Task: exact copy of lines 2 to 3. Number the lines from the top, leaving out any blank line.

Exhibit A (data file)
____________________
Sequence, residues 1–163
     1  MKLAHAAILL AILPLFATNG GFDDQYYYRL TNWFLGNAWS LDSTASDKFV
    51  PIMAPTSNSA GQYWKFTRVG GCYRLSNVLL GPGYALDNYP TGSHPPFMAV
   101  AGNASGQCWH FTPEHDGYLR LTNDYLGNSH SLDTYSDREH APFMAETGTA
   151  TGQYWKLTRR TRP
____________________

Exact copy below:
     1  MKLAHAAILL AILPLFATNG GFDDQYYYRL TNWFLGNAWS LDSTASDKFV
    51  PIMAPTSNSA GQYWKFTRVG GCYRLSNVLL GPGYALDNYP TGSHPPFMAV